Today, the United States of America will - hopefully - determine its 45th President and 48th Vice President. Going into election day, Hillary Clinton holds a poll lead [YouGov][Time] over Donald Trump. Early voting has been busy, and voting has concluded in three New Hampshire towns. In addition to the presidency, there are elections for the Senate and the House and lots of local ballots - discuss in the "Senators, Representatives, and Referenda" thread. Polling stations close at various times, subject to queues and court orders. It is unclear when a result is likely; blanket coverage includes TV networks, the New York Times, Guardian, BuzzFeed on Twitter, YouTube and the BBC, though many say Pantsuit Nation is where it's at. [more inside]
There are 17 propositions on California's ballot this year (average is 18). According to the L.A. Times, California voters will be asked on Nov. 8 to sort through the longest list of statewide propositions since the PlayStation 2 was on the market and the St. Louis Rams won the Super Bowl. Trying to make sense of each of them is going to be a project, so here we go, one by one. First links are to the official ballot measures. Controversial measures have more links. Add to the discussion with more links in comments. [more inside]
The possibility of voter fraud in the US has spawned a number of state laws requiring particular kinds of identification at the polls, as well as grassroots organizations that search public records to challenge certain voters' registrations . Much of the modern debate about potential voter fraud has been driven by Hans von Spakovsky, a Heritage Foundation senior legal fellow, former member of the Federal Elections Commission, and former counsel to the assistant attorney general for civil rights, where he worked on voting issues. Writing for the New Yorker, Jane Mayer describes von Spakovsky's influence on conservative groups like True the Vote, various state attempts to disqualify registered voters, and the lack of evidence for many claims made in support of voter ID laws.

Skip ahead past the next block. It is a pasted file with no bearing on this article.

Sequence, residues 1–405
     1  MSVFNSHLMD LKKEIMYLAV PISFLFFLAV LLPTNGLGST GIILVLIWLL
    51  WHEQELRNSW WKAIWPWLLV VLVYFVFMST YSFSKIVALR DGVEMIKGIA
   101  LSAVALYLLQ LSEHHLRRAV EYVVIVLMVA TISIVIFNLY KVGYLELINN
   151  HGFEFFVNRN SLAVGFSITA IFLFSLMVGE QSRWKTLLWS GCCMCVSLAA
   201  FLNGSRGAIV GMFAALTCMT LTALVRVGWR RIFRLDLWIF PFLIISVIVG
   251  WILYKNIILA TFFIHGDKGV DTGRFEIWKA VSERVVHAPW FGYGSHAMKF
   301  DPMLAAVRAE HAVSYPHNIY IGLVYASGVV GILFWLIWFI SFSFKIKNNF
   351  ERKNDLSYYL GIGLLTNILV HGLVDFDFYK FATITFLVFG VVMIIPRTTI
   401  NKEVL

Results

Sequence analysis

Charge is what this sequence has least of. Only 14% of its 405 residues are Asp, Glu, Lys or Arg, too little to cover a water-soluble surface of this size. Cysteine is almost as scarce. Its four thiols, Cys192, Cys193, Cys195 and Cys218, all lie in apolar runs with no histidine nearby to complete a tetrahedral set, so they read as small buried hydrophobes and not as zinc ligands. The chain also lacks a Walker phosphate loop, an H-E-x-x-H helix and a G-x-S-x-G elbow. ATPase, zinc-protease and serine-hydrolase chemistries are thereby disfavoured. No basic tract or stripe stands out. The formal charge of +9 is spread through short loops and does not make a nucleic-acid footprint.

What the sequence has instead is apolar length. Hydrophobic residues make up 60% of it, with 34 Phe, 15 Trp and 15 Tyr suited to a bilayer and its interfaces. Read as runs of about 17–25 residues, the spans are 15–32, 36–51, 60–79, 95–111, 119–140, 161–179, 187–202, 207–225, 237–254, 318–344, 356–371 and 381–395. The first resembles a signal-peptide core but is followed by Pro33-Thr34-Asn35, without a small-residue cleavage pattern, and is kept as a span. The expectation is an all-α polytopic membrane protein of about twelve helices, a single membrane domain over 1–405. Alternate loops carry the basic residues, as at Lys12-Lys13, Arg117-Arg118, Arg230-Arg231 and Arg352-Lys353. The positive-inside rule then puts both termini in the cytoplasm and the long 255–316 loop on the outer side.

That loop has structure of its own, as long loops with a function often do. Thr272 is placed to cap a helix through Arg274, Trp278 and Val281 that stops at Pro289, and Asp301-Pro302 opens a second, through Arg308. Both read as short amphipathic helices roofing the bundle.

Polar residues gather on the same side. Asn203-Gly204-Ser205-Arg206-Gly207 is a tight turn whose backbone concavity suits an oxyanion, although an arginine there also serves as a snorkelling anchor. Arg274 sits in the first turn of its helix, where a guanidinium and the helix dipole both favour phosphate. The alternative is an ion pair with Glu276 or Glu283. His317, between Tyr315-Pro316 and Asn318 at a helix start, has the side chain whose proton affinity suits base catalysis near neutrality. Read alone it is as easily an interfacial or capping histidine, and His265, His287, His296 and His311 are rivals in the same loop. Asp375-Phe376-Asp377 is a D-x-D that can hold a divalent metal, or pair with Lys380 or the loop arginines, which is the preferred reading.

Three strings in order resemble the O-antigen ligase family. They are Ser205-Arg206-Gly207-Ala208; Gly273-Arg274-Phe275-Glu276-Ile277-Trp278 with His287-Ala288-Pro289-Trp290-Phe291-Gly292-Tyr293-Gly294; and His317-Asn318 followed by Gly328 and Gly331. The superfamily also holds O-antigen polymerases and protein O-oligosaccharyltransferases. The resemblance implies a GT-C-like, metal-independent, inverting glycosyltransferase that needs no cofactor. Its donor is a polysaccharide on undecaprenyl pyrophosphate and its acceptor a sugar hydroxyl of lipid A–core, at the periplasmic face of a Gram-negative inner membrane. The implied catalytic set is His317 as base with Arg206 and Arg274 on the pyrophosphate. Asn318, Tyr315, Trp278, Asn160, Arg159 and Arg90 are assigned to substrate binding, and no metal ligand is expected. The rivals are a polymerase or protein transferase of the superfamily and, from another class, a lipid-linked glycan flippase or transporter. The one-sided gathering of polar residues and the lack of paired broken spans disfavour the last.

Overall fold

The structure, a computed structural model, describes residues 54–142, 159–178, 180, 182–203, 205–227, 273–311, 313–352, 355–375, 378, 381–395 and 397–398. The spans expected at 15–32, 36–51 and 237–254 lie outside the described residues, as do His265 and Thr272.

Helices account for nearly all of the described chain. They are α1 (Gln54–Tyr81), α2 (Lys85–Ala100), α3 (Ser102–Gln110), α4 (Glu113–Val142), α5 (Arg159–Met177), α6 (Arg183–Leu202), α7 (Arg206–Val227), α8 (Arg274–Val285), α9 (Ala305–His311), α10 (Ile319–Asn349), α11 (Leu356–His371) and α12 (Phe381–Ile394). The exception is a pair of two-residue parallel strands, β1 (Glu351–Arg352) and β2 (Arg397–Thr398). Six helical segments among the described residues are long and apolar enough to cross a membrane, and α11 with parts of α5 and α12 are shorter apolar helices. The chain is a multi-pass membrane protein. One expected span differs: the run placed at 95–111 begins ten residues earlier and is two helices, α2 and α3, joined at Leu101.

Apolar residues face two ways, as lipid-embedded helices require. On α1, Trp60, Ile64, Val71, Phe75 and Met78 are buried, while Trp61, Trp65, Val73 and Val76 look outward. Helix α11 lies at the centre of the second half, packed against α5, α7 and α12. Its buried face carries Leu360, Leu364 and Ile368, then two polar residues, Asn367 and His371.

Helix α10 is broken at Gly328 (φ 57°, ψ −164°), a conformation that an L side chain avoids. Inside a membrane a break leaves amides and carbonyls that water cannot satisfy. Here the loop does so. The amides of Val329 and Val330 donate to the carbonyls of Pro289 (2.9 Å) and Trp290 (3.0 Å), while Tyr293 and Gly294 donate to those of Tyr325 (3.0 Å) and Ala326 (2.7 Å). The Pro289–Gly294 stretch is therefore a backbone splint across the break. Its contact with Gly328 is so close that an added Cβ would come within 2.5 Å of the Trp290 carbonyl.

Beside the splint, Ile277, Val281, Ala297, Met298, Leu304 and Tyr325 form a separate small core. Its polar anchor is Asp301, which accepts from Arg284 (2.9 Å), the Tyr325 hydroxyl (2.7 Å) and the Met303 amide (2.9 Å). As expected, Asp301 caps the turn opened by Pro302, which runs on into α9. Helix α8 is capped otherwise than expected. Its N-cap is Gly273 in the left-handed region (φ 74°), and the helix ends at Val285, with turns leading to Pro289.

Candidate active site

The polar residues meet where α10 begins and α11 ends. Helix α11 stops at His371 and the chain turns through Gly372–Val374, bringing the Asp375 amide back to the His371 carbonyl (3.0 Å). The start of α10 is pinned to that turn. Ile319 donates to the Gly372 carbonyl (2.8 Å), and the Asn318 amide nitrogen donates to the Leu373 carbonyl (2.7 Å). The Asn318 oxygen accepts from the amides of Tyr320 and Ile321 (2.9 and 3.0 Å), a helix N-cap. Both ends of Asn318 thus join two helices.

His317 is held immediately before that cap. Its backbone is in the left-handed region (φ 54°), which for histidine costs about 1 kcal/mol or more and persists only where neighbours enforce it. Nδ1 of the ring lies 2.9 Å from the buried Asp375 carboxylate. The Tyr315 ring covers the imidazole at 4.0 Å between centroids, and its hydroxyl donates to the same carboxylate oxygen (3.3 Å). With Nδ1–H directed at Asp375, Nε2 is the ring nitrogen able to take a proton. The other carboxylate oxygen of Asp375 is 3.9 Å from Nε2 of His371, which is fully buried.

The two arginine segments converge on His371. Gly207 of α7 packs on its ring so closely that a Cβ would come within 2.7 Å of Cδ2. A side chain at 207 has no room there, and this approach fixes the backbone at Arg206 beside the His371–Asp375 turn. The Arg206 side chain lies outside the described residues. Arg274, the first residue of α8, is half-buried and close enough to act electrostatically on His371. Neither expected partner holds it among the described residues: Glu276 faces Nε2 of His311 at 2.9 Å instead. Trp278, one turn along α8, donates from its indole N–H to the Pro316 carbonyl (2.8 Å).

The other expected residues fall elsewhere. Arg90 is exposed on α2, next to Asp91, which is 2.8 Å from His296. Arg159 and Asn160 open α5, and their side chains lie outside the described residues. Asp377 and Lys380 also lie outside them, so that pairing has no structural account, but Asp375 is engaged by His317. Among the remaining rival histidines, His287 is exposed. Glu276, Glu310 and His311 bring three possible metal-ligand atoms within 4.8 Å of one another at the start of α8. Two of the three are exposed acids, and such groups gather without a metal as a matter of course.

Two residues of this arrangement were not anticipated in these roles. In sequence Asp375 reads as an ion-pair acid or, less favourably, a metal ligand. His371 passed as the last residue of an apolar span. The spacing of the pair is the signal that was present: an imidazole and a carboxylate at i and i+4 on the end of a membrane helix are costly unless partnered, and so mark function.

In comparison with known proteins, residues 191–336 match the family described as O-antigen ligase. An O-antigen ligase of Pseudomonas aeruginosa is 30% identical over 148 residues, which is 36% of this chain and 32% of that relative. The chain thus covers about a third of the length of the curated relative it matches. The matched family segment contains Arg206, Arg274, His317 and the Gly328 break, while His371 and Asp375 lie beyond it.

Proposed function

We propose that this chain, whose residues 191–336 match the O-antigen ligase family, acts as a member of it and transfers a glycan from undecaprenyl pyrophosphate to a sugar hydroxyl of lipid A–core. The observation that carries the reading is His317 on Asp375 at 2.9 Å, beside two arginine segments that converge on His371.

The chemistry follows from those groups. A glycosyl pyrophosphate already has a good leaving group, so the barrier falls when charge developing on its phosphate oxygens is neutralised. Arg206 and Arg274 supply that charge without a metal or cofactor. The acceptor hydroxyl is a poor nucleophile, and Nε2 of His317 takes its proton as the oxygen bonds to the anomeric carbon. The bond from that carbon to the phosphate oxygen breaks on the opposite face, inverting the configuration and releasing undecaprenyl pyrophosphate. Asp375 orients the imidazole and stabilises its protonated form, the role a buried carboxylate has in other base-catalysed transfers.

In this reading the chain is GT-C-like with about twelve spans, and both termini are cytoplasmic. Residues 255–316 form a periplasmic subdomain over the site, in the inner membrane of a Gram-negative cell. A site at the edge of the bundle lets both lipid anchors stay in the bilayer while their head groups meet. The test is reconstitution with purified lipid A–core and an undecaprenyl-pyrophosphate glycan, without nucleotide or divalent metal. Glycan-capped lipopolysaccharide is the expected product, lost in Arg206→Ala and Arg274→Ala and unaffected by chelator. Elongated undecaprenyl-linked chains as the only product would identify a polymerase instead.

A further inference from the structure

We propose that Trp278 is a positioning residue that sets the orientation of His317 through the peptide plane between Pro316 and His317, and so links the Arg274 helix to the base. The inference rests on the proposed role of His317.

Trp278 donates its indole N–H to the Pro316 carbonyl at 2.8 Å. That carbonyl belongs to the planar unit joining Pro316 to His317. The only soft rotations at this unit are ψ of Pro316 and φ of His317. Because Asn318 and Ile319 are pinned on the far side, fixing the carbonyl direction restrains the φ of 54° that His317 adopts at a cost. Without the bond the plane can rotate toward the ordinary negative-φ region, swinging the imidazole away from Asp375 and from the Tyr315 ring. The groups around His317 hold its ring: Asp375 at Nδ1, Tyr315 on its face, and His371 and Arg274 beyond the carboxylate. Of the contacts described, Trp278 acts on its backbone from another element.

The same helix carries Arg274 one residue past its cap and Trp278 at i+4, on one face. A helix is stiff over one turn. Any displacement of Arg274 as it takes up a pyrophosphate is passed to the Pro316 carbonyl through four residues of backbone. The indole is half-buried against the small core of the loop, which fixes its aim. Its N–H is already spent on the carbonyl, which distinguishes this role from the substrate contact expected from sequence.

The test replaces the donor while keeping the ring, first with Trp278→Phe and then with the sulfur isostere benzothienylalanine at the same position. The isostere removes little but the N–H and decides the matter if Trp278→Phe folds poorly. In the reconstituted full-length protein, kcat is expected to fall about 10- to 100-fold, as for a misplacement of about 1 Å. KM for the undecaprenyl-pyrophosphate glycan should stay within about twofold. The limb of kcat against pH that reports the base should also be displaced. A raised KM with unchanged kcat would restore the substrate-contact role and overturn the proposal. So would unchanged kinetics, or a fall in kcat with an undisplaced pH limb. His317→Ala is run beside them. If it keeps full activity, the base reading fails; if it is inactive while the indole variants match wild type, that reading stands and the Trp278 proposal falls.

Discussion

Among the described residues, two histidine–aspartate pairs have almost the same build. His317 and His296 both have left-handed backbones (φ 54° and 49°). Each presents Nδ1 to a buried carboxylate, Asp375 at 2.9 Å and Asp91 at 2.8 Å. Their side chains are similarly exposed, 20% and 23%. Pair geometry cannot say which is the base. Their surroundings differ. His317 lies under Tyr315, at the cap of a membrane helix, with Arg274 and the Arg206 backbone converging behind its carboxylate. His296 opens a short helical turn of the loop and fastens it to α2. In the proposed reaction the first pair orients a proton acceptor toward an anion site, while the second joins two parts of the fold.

Why have I never seen this before today? It turns out that the funniest mockery of the Florida ballot comes from BET; I find this much better than the oft-emailed wiggly-line ballot.
So the infamous ballot designer if feeling pretty low, but is protesting outside her office the correct thing to do? "Noisy demonstrators protested on Thursday outside her office, demanding a new election. Several lawsuits have been filed, claiming the ballot was illegal under Florida law. LePore, who has been named in at least two lawsuits, has been devastated by the controversy, friends and acquaintances have said."
Poor user interface elects George W. The second hole on the right does not correspond to the second candidate on the left (Gore), but rather to the first candidate on the right (Buchanan). While many people will notice this, many others, especially those with poor vision, will not. About 20% of Buchanan's votes in FL came from the county that used this ballot.